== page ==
NJ Transit to Unveil Dual-Mode Locomotive

 NJ Transit today plans to unveil its first locomotive powered by an engine that can operate on both diesel and electric lines.

"This is the first of its kind on any railroad in North America," NJ Transit spokesman Dan Stessel said of the dual-mode engine that will replace a diesel-only engine.

The agency is also expected to announce an expansion of its "quiet commute" program to Bergen County riders.

The popular program allows commuters a chance to find peace in the middle of the rush hour, by designated certain railcars as quiet cars where cellphone use, loud talking and other racket is shunned.

Starting June 1, the quiet car will be the first car on train heading into Hoboken, including trains on the Pascack Valley and Main and Bergen lines, and the last car on the train heading out, said Stessel.

The quiet cars are only in effect on trains that arrive in Hoboken between 6 and 10 a.m., and trains that depart Hoboken between 4 and 8 p.m.

Meanwhile, the dual-mode locomotive NJ Transit will unveil today is just one of 26 the agency ordered in 2008 from Canadian-based Bombardier Transit Corp. The total project cost is $310 million.

The engines had originally been purchased with NJ Transit's now defunct Hudson River commuter rail tunnel in mind, Stessel said.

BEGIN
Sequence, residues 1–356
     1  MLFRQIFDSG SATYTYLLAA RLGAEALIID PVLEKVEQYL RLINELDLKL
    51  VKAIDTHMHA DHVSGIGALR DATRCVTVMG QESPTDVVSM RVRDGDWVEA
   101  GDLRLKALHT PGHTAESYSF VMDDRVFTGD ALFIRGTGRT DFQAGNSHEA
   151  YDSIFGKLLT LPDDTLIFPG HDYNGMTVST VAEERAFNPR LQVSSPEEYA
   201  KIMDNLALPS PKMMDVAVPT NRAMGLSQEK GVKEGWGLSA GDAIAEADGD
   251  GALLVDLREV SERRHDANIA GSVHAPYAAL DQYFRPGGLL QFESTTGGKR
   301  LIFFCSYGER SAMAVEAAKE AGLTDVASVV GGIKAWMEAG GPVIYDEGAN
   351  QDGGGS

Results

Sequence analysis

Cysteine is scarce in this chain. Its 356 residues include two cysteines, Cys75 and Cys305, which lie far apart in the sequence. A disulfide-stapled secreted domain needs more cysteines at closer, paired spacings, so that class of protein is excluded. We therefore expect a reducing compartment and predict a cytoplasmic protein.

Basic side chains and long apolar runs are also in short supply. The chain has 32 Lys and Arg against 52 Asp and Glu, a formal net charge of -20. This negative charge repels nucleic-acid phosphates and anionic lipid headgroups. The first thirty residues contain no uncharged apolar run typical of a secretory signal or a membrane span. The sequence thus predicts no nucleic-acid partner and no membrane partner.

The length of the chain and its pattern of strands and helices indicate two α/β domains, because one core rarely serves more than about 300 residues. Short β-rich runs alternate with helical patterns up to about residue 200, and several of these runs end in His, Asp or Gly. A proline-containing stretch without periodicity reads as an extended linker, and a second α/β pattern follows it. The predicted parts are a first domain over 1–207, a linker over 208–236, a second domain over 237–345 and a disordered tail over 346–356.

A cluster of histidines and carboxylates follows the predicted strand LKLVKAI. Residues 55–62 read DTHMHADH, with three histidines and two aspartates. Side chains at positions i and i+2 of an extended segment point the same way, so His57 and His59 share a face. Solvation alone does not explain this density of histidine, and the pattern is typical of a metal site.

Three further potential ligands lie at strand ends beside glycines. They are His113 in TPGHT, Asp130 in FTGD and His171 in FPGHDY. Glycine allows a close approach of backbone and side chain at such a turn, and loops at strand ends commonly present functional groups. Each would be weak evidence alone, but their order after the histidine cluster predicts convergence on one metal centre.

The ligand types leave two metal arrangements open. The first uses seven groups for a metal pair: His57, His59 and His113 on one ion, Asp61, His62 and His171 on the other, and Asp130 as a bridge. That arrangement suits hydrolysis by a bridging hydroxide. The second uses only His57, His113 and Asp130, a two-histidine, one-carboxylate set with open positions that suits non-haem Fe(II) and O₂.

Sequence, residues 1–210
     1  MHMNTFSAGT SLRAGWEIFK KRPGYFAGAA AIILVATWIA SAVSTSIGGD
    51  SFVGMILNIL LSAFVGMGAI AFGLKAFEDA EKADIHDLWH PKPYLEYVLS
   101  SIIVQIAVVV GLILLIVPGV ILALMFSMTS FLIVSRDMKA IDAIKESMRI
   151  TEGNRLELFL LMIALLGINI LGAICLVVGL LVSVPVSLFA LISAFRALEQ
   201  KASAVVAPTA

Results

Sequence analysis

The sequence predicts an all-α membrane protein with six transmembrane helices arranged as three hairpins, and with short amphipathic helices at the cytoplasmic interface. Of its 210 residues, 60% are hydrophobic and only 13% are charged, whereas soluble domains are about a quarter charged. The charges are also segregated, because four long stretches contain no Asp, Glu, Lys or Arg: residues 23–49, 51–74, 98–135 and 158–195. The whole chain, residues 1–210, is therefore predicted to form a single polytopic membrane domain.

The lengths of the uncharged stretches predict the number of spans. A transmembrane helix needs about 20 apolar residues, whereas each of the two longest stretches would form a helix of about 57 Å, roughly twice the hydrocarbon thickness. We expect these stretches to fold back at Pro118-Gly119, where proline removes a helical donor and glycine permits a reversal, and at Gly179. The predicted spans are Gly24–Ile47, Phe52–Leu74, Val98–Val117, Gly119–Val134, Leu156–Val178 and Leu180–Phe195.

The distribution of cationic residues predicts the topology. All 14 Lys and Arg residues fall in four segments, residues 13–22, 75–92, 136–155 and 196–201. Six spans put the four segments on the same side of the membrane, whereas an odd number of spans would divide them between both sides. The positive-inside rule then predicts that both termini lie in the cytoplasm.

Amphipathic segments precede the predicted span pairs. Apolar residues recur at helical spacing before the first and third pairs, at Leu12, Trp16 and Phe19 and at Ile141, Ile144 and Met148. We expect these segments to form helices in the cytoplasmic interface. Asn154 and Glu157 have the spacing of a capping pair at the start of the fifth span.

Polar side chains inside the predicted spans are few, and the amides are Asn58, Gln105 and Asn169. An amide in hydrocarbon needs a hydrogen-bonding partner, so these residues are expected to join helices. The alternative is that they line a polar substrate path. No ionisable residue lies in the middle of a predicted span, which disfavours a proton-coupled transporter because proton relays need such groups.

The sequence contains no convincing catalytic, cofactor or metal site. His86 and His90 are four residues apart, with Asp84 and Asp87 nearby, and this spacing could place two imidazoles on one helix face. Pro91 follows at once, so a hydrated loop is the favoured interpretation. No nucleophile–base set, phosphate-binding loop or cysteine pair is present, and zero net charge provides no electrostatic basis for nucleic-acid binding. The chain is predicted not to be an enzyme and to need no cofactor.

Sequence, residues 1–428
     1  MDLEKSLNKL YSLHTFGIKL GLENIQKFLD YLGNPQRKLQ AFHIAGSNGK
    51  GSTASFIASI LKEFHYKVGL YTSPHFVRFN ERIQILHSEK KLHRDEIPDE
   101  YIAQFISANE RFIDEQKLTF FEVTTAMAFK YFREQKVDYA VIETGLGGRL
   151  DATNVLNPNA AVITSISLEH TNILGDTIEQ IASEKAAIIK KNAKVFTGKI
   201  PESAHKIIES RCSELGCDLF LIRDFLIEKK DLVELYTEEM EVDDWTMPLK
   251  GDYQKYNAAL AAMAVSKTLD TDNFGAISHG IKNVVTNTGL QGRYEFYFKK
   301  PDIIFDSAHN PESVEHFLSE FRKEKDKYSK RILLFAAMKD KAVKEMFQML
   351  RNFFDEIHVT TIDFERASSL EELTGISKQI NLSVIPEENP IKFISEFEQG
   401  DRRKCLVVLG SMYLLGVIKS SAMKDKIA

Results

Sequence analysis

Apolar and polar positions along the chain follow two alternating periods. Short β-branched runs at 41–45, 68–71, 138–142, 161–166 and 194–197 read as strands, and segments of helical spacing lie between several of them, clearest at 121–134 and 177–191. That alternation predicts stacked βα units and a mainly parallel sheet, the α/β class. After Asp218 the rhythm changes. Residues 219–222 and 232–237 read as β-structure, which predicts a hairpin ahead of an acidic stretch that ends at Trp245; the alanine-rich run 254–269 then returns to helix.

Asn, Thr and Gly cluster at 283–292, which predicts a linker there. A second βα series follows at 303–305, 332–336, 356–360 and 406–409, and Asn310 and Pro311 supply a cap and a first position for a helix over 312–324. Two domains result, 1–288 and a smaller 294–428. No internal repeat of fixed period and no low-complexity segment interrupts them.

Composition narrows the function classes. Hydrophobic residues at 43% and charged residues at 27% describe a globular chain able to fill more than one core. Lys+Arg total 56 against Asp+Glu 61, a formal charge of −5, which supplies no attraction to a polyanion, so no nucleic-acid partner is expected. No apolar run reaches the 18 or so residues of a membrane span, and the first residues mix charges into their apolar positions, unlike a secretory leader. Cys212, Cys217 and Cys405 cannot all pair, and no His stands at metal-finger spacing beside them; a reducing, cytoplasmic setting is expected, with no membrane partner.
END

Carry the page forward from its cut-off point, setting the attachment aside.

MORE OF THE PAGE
Because the engines can operate on both diesel and electrical lines, commuters would have been able to take a dual-mode locomotive directly from the Pascack Valley Line in Bergen County -- where trains run on diesel only -- loop around in Secaucus and go through a new Hudson River tunnel and directly into New York Penn Station, without having to switch to an electric-powered train as they do now.

Governor Christie canceled the tunnel project, known as Access to the Region's Core, or ARC, last October, citing potential cost overruns, but Stessel said NJ Transit Executive Director Jim Weinstein saw value in the dual-mode engines.

Stessel said 60 percent of the transit agency's lines are not electrified and 40 percent are electrified.

With the dual-mode engine, a train using a combination line can switch to electric and save on diesel, Stessel said. "What happens now is the train will run on diesel the whole way."

E-mail: rouse@northjersey.com

Copyright 2008 LexisNexis, a division of Reed Elsevier Inc. All rights reserved.
Terms and Conditions | Privacy Policy

Loading